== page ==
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Serotonin has a wide variety of functions in the human body. People sometimes call it the happy chemical, because it contributes to well-being and happiness.
The scientific name for serotonin is 5-hydroxytryptamine (5-HT). It is mainly present in the brain, bowels, and blood platelets.
Serotonin is a neurotransmitter, and some also consider it a hormone. The body uses it to send messages between nerve cells.
Many investigations have looked at serotonin and what it does, but there is still a lot to learn.
In this article, we look at the role of serotonin in the body, uses of drugs that affect serotonin, side effects and symptoms of serotonin deficiency, and how to boost serotonin levels.
Serotonin is a result of tryptophan, a component of proteins, combining with tryptophan hydroxylase, a chemical reactor. Together, they form 5-HT, or serotonin.
The intestines and the brain produce serotonin. It is also present in blood platelets and plays a role in the central nervous system (CNS).
Occurring throughout the body, it appears to influence a range of physical and psychological functions.
Serotonin is also present in animals, plants, and fungi. For this reason, some people have looked at food as a possible source of serotonin.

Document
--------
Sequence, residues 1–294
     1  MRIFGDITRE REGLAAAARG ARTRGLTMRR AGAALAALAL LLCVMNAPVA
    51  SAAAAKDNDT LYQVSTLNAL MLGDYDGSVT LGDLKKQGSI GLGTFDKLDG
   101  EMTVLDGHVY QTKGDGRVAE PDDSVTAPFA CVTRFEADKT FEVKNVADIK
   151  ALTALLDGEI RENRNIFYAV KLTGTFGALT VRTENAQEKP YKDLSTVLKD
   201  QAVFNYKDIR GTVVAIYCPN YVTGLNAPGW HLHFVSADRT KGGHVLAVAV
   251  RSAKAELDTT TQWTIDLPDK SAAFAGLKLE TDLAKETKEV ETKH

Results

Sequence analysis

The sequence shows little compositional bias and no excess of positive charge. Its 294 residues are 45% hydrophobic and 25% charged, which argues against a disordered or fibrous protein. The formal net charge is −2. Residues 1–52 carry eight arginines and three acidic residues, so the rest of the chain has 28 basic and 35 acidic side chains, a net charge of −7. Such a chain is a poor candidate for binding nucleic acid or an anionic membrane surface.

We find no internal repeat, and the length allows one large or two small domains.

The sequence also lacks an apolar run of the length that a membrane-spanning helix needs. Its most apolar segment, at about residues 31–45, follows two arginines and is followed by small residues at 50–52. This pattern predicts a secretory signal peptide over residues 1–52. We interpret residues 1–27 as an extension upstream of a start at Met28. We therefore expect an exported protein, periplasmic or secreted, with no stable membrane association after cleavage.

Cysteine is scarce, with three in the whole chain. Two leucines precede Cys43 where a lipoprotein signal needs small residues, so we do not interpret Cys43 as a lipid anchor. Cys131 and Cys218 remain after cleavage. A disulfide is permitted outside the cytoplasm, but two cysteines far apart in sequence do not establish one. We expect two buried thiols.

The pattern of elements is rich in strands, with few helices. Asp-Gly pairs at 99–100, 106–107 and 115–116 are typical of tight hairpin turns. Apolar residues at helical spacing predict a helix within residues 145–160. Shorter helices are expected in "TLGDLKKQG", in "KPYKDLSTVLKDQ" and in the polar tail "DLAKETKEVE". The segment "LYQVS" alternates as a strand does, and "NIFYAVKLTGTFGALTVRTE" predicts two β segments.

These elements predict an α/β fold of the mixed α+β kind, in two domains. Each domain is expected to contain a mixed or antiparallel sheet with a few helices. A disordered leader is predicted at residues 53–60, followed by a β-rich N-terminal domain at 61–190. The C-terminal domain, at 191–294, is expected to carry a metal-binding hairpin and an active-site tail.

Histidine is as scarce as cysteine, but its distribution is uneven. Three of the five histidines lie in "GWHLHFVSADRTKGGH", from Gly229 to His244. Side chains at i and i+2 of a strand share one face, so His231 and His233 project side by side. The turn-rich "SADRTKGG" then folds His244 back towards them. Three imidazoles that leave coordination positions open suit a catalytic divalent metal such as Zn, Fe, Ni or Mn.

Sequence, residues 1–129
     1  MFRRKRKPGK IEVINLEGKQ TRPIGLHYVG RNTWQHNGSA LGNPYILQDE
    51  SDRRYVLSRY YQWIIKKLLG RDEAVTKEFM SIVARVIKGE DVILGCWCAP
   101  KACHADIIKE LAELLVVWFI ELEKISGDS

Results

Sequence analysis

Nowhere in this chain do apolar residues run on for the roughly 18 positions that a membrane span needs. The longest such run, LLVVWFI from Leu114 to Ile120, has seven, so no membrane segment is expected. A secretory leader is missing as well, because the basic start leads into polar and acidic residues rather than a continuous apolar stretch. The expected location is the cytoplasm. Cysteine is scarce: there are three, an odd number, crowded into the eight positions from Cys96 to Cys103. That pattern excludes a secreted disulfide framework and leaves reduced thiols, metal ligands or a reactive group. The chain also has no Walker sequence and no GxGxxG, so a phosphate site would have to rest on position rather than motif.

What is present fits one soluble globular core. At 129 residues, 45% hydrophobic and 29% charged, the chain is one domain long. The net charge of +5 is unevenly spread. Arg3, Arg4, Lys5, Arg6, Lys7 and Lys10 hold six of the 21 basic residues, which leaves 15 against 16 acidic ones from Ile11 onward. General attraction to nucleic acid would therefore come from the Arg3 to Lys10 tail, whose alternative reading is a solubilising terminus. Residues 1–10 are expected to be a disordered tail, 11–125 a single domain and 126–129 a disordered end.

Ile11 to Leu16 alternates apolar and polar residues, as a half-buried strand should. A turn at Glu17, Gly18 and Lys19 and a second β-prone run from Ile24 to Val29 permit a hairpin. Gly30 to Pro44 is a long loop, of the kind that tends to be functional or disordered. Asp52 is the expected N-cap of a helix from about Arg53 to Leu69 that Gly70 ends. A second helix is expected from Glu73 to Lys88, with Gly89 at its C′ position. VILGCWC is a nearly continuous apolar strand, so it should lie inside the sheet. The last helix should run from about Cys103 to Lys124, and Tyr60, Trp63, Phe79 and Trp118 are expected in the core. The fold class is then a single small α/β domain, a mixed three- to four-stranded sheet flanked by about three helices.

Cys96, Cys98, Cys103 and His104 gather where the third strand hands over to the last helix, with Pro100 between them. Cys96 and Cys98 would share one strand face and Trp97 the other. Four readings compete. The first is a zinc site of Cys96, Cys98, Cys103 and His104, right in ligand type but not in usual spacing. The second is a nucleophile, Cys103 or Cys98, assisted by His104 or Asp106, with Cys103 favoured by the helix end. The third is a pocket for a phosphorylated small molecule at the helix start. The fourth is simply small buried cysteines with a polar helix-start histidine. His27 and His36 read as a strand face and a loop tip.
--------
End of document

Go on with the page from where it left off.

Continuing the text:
Serotonin cannot cross the blood-brain barrier. This means that the brain must produce any serotonin that it needs to use. Treatments for depression and other mental health issues do not supply serotonin directly but trigger reactions that can boost serotonin levels in the brain.
However, research suggests that sources of serotonin in other areas, such as the digestive system, may work independently of serotonin in the brain. This could have implications for the treatment and prevention of various physiological conditions, such as bone degeneration.
As a neurotransmitter, serotonin relays signals between nerve cells and regulates their intensity.
Scientists believe it plays a role in mood and the CNS and affects functions throughout the body. It may have an impact on:
- bone metabolism
- cardiovascular health
- eye health
- blood clotting
- neurological disorders
However, the relationship between serotonin and many bodily functions remains unclear.
Scientists do not know precisely what causes depression, but one theory is that it stems from an imbalance of neurotransmitters in the body.
Normally, the body reabsorbs a neurotransmitter after it has transmitted its neural impulse. SSRIs stop the body from reabsorbing serotonin, leaving higher levels of serotonin to circulate.
Many people find SSRIs help relieve their symptoms, although the link between depression and serotonin remains unclear.